That is why I decided against flying with bargain airlines and sticking with Lufthansa for many flights within Europe.
I had not realised how innovatory Ryan Air is to those living in the USA – I guess those of us who use it often are just used to their approach. There are lots of complaints about them but I have found that if I follow the rules – bring my own food, do not check luggage, stay within the luggage size and weight limits, print off boarding passes, plan the cheapest way to the airport (Frankfurt is the furthest away from its named town of any of their airports), check-in as soon as it opens etc etc, flights are very cheap and invariably on or ahead of time. A 20 minute turnaround time is the norm and almost all of their airports. It is an airline which many people love to hate but also love to use.
As an American who has been living in Europe for over six years now I am an avid supporter of the European low cost model. In fact it has been a driving factor allowing me to start my own business something that given the US model would have been cost prohibitive. Although there are times when I still you traditional carriers usually due to the wasted time when transferring from certain airports to my final destination, the two that stand out for me is Frankfurt Hahn and Paris Beauvais. I have learned a number of things about flying low cost here in Europe which Americans might not first recognize.
Generally all of the airports used by low cost carriers have some kind of organized transportation system that is relative cheap to the center of the city they are intended to serve. Often this comes in the form of a bus trip and I know Americans mind go straight to Greyhound, however in Europe buses should not conjure these images(often an option includes free WIFI). Specifically for Frankfurt Hahn i know there is a relatively cheap bus that leaves from Frankfurt central station and heads first to Frankfurt Int. then on to Frankfurt Hahn. All of this information is usually available on the airports website in this case i know its possible to book tickets from about 15€.
Secondly for weekend trips often no further fees need to be paid, however it is important to check your carriers specific policy as they differ drastically what is considered a carry on item (this goes for traditional carriers as well).
Third non EU/EEA citizens must have their documents checked at the check in counter no matter if they have already checked in or not (no fee necessary as far as i know).
The last thing Americans should know about the European low cost model is that American carriers have only adopted their worst practices. So yes you have a pay as you go model, but at the same time its often possible to fly at much lower prices than in the US. For example this summer I traveled to Barcelona from Sofia (Bulgaria) a distance of 1100 miles (roughly the same as Cleveland to Dallas) for a total of €55 each. I almost forgot the best part for avgeeks the majority of time low cost carriers have you board directly from the ramp instead of using a jetbridge allow you to bask in the Jet-A fumes and hum of the APU.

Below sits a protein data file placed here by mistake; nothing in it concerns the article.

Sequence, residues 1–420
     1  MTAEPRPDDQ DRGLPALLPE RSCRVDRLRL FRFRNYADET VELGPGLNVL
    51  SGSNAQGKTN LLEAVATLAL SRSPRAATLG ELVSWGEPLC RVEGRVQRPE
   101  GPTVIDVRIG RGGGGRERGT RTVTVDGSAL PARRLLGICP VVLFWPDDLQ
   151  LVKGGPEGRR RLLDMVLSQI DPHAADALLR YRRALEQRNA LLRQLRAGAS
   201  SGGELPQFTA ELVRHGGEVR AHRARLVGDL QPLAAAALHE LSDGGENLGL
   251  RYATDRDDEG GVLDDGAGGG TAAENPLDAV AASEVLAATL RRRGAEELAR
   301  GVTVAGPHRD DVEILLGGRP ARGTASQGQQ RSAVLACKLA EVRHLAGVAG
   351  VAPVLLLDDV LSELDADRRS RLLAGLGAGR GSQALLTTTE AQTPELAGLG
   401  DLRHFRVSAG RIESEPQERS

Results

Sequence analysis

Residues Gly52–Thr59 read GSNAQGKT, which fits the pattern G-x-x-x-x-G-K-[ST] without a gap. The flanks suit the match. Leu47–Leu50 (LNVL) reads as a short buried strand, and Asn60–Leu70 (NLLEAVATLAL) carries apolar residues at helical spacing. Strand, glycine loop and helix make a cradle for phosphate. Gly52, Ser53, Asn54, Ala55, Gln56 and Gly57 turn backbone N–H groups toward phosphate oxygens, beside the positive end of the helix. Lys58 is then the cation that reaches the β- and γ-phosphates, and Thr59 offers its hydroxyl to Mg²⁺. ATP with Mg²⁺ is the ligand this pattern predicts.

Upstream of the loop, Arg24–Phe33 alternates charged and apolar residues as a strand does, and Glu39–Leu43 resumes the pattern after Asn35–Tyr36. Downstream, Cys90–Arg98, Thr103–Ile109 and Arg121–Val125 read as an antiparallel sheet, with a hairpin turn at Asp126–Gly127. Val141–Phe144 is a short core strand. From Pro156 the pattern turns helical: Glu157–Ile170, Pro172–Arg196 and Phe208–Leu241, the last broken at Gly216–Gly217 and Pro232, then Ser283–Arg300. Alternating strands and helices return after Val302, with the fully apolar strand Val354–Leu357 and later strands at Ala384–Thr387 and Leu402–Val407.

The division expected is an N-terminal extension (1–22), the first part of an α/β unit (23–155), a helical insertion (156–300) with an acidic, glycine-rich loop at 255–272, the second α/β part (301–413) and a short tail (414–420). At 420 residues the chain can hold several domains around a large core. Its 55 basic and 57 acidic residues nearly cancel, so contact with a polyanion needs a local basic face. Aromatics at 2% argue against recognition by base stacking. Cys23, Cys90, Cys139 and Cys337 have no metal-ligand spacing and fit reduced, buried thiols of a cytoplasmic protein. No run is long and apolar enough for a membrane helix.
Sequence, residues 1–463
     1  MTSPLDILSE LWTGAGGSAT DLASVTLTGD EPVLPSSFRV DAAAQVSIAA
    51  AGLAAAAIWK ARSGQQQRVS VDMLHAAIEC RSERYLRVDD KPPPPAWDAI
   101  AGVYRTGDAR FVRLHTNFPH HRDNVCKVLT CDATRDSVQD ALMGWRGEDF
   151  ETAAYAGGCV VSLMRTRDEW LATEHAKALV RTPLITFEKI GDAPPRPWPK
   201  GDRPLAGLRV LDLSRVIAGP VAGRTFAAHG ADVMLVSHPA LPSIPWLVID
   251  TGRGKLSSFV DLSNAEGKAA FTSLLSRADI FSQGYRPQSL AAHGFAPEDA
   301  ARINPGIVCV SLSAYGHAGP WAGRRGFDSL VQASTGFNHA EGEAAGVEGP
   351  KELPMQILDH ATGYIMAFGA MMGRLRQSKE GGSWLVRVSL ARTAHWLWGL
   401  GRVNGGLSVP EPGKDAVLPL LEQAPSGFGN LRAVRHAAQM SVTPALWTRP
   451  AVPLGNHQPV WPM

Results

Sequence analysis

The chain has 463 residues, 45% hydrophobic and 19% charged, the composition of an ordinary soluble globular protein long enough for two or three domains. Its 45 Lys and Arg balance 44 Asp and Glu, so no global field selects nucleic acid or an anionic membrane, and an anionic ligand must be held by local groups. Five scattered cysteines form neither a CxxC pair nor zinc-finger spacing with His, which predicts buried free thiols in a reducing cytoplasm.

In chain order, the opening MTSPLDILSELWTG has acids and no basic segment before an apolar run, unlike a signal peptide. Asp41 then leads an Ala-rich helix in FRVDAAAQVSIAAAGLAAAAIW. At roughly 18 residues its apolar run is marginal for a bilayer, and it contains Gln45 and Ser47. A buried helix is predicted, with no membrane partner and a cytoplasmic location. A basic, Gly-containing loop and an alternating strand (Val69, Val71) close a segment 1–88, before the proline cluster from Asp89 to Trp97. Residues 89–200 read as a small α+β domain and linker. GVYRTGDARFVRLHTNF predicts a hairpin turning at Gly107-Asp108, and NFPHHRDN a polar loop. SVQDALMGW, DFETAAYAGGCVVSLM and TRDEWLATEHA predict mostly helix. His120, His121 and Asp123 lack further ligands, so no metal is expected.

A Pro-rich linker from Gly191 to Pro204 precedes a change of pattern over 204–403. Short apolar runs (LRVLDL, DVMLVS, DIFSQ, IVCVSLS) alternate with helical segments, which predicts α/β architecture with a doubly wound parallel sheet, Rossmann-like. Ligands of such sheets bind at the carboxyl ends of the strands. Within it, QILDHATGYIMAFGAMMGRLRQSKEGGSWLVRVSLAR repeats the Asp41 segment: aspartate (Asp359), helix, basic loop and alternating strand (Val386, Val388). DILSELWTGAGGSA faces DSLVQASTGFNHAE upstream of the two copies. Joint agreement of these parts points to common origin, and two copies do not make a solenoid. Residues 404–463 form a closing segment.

It is the worst airline that could actually exist. I and my brother where stranded in Ibiza airport. We left for Ibiza being assured about our id. My brother forgot his passport but was carrying another id but we were allowed to board the plane in Barcelona to Ibiza but while returning we were stopped and said we cannot board the plane. As my brother had a flight next day to USA we had to reach Barcelona that night. The staff was extremely rude and told us to fuck off and lodge a complaint. We eventually had to buy tickets of another Airline and reach Barcelona. How can you make your passengers stranded in an Island. They should not have allowed us to board the flight in Barcelona, but they did and abandoned us in Ibiza without a way to return. This was inhuman and cruel.
While I was in vacation in Spain with my sisters and brother in low, I choose to fly from Barcelona to Palma de Mallorca with Ryanair. The flight tickets for 4 of us was 531.37$. Being in vacation, and having no internet connection, I wasn’t able to check my e-mails. When we got at the airport we were charged 45 euros per person for not checking online. This is the very first company that charges money for printing a ticket. I ended up paying 185.48 euros in order to get in the plain, and the person at the counter was really rude with us…telling me “take it or leave it”! When we got in the plain, it was really dirty, they didn’t vacuum at all. I understand this in a low cost company, but its a shame!!! I will never choose to fly with them again.
great article! I found this review to be helpful as well for anyone else curious about flying budget airlines like Ryanair. https://www.eco-wanderlust.com/blog/post/a-guide-to-budget-airlines-in-europe